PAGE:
Beijing Issues Electronic Wristbands to Bus Drivers for ‘State Security’

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Beijing’s long-haul bus drivers will wear a new gadget for “emotion sensing” and monitoring of vital signs, with the purpose of facilitating security control in the city prior to the Party’s 20th National Congress.

Beijing Public Transportation Group (BPTG) issued 1,800 electronic wristbands on Sept. 21 to bus drivers who drive on freeways and who cross provincial lines.

The wristbands provide real-time monitoring of the drivers’ vital signs and stress level as indicators of the drivers’ physical and mental health, and to improve public safety, the Chinese report claimed.

It meets the regime’s command: Minimize “societal risks,” prior to and during the 20th National Congress of the Chinese Communist Party that starts on Oct. 16.

What it Does

On June 1, Beijing municipal bus drivers on some routes in Tongzhou district and the central downtown areas started wearing the monitoring bracelets.

The bracelet records body temperature, heart rate, respiratory rate, blood oxygen levels, exercise movement, blood pressure, and sleep; it also monitors emotional states such as depression and anxiety.

It is touted as “care for drivers,” and a way to “improve driving safety.”

“By using science and technology to ensure public road safety, Beijing has set a good example for the rest of China,” said a Communist propaganda commentator.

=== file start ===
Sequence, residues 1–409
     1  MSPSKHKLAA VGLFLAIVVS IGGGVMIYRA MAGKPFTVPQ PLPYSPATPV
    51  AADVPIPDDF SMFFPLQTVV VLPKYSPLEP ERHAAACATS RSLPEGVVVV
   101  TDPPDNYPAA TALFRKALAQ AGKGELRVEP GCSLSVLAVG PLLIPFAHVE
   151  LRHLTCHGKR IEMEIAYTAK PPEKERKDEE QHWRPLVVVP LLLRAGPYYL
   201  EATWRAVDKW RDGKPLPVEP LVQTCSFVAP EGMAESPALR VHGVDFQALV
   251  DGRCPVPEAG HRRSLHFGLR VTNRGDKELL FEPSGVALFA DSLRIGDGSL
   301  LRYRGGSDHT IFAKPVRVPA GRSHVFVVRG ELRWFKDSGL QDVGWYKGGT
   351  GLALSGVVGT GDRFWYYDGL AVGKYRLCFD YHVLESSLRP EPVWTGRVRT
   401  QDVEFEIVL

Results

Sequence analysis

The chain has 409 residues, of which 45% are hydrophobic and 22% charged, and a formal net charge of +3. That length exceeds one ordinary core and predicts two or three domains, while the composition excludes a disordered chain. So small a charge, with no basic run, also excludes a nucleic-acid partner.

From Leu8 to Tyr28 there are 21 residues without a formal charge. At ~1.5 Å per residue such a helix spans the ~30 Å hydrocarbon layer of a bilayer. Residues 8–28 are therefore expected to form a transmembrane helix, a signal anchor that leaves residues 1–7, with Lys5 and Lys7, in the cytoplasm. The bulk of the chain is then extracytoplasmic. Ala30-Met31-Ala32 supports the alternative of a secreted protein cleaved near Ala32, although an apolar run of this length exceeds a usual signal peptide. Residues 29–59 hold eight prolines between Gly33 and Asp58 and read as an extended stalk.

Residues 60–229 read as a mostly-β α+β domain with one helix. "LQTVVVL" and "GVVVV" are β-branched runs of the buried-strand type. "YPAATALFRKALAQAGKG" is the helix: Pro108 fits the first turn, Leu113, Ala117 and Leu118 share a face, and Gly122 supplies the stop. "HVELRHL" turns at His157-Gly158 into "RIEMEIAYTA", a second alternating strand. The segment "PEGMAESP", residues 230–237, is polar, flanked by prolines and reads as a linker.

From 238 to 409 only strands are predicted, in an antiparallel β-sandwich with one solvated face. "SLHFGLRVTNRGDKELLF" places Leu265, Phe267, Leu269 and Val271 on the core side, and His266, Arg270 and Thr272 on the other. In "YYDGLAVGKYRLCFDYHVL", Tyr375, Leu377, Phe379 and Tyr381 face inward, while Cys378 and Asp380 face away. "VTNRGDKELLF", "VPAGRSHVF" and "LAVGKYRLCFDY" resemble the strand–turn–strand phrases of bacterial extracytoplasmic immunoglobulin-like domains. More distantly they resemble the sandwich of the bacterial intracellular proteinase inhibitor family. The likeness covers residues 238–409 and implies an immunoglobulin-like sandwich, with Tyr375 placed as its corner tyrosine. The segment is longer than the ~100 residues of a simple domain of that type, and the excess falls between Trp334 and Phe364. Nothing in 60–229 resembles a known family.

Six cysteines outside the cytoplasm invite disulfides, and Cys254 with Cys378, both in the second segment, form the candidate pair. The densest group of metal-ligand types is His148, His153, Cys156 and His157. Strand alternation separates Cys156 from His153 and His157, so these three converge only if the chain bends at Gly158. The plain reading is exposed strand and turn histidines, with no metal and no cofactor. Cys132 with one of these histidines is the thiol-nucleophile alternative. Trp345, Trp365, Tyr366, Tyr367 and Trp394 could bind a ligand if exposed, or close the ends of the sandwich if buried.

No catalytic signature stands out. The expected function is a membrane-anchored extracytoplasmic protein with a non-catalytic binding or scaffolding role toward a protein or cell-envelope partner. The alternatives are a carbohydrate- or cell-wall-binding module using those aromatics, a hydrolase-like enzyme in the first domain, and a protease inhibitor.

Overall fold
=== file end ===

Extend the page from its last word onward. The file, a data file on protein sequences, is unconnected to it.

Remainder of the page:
Epoch Times Photo
People line up for a PCR test for COVID-19 outside a private testing site in Beijing, China, on Oct. 25, 2021. (Kevin Frayer/Getty Images)

New Type of 24-hour Surveillance

Obviously, the regime is stepping up its monitoring and controlling of the populace with these electronic wristbands.

Recently, a Beijing resident exposed on Chinese social media Weibo that local community staff demanded the blogger wear the wristband after returning from a business trip in a southern city.

The wristband was said to aid those in home isolation by providing body temperature to the authorities, but the blogger did not agree to put it on.

On July 13, the blogger wrote: The gadget is a 24-hour monitoring system that tracks those who wear it—a serious violation of privacy.

The wristband was also criticized as another pandemic-born business besides the production of vaccines and PCR tests.

Following the post, many Beijing residents echoed with examples of their own experiences, the Taiwan based CNA reported.

In Sichuan Province, local authorities also publicized the use of the latest technical apparatus.

In a March media report, the police of Chengdu City adopted the electronic wristbands and mobile GPS to monitor and control those who were under house arrest or suspects who were released on bail.

Xu Jian contributed to this report.

Mary Hong


Mary Hong has contributed to The Epoch Times since 2020. She has reported on Chinese human rights issues and politics.

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